6. A method of making a metal cored glass fiber mosaic assembly comprising forming a mosaic element by heating at least a pair of concentric glass sleeves having different resistances to etching having a metallic member threaded therethrough to a temperature at least at which the glass sleeves are in a plastic state, draughting the composite stock to form a relatively small element having a metal core and at least a pair of concentric glass sleeves, fusing the outer sleeves of a plurality of said elements to form a mosaic assembly with the metal cores lying generally parallel, and thereafter etching the inner sleeve of each of said elements to a level below the level of the Outer sleeve at one end of the assembly to provide a continuous outwardly projecting web of glass about the metal core of each of said elements at said one end, applying an electrically conductive light transparent coating to the other end of the assembly and applying an electrically conductive coating to said continuous outwardly projecting web of glass.

7. A method of making a metal cored glass fiber mosaic assembly comprising forming a mosaic element by heating at least a pair of concentric glass sleeves having dift'erent resistances to etching having a metallic member threaded thcrethrough to a temperature at least at which the glass sleeves are in a plastic state, draughting the composite stock to form a relatively small element having a metal core and at least a pair of concentric glass sleeves, fusing the outer sleeves of a plurality of said elements to form a mosaic assembly with the metal cores lying gencrally parallel, and thereafter etching the inner sleeve of each of said elements to a level below the level of the outer sleeve at one end of the assembly to provide a conelectrically conductive light transparent coating to the other end of the assembly, applying an electrically conductive coating to said continuous outwardly projecting web of glass and applying a further electrically conductive coating to each of the wire cores and to a portion of at least each of the glass sleeves about each of said wire cores.

8. A method of making a metal cored glass fiber mosaic assembly comprising forming a mosaic element by heattinuous outwardly projecting web of. glass about the metal core of each of said elements at said one end, applying an ing at least a pair of concentric glass sleeves having different resistances to etching having a metallic member threaded therethrough to a temperature at least at which the glass sleeves are in a plastic state, draughting the composite stock to form a relatively small element having a metal core and at least a pair of concentric glass sleeves, fusing the outer sleeves of a plurality of said elements to form a mosaic assembly with the metal cores lying generally parallel, and thereafter etching the inner sleeve of each of said elements to a level below the level of the outer sleeve at one end of the assembly to provide a continuous outwardly projecting web of glass about the metal core of each of said elements at said one end, applying an electrically conductive light transparent coating to the other end of the assembly, applying an electrically eonductive coating to said continuous outwardly projecting web of glass and applying a photoemissive coating to the etched portion of each of said members.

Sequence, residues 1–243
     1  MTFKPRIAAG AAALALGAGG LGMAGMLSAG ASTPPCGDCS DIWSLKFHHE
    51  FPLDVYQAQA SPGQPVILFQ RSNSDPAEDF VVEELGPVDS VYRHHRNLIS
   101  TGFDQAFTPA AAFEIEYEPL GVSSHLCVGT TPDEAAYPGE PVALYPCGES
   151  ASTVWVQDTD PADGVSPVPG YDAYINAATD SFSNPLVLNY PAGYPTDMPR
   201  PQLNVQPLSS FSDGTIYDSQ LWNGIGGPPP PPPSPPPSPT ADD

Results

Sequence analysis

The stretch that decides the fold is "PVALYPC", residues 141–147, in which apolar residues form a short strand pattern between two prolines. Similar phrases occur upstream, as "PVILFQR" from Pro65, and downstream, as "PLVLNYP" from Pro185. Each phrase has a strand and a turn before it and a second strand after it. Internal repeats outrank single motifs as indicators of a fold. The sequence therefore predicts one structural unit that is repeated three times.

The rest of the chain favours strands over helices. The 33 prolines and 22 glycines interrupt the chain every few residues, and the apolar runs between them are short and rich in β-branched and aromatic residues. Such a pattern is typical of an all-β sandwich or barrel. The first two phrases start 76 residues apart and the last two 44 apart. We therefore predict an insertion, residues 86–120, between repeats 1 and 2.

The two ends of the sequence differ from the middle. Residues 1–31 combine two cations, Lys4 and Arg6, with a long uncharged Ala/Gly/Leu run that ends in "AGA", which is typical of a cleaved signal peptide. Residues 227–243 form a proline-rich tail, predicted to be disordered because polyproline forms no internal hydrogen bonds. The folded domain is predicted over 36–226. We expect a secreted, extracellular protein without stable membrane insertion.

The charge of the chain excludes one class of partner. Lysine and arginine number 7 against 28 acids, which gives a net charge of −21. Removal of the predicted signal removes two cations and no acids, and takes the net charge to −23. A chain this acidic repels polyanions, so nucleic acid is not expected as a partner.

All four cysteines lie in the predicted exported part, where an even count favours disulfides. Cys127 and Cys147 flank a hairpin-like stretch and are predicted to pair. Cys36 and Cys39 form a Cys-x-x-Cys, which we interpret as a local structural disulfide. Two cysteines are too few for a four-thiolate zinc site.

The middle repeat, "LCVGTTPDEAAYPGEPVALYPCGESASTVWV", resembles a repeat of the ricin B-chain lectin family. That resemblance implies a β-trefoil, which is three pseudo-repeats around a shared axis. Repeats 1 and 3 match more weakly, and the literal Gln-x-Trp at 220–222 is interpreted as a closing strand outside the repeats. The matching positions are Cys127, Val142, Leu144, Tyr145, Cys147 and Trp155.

References Cited by the Examiner UNITED STATES PATENTS 2,197,753 4/1940 Liebmann 2925.18 X 2,608,722 9/1952 Stuetzer -4 X 2,619,438 11/1952 Varian et a1. 2,749,794 6/1956 'OLeary 65-31 X 2,995,970 8/1961 Hicks et al 65-43 X 3,195,219 7/1965 Woodcock ct al 6531 X DONALL H. SYLVESTER, Primary Examiner.

F. \V. MIGA, Assistant Examiner.

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Referenced by
Citing PatentFiling datePublication dateApplicantTitle
US3332757 *Dec 13, 1963Jul 25, 1967Sperry Rand CorpMethod of making fiber optic frequency responsive device
US3389046 *Mar 30, 1964Jun 18, 1968Robert M. BurressTubular repair joint and insert used therein
US3503116 *Oct 9, 1967Mar 31, 1970Bendix CorpMethod of fabricating a pressure transducer
US4020896 *Apr 29, 1976May 3, 1977Owens-Illinois, Inc.Ceramic structural material
US4185887 *May 10, 1974Jan 29, 1980Industrie Pirelli Societa Per AzioniOptical fiber cable
US5047624 *Oct 24, 1990Sep 10, 1991Kabushiki Kaisha ToshibaMethod of manufacturing and X-ray image intensifier
US5049176 *Jul 9, 1990Sep 17, 1991Galileo Electro-Optics Corp.Fiber assembly
US5176728 *Sep 24, 1991Jan 5, 1993Cambrian Systems, Inc.Method of making a mirror having extremely small aperture holes at other than normal angles to the surfaces of the mirror
US5223013 *Apr 8, 1991Jun 29, 1993Galileo Electro-Optics Corp.Method for making multifiber assembly from primitive tiles
US5564409 *Jun 6, 1995Oct 15, 1996Corning IncorporatedApparatus and method for wire cutting glass-ceramic wafers
US8241508 *Aug 11, 2006Aug 14, 2012Ut-Battelle, LlcMethod of forming composite, ordered material having sharp surface features
Classifications
U.S. Classification65/445, 65/105, 65/472, 29/423, 216/97, 65/433, 385/120, 65/31, 445/52, 65/408, 65/36, 65/59.32, 65/56, 216/95, 385/124, 65/475, 385/127
International ClassificationH01J29/10, G02B6/08, G02B5/08, H01J31/00, G02B6/06, H01J31/06
Cooperative ClassificationG02B5/08, H01J29/10, G02B6/08, H01J31/065
European ClassificationH01J31/06B, G02B5/08, G02B6/08, H01J29/10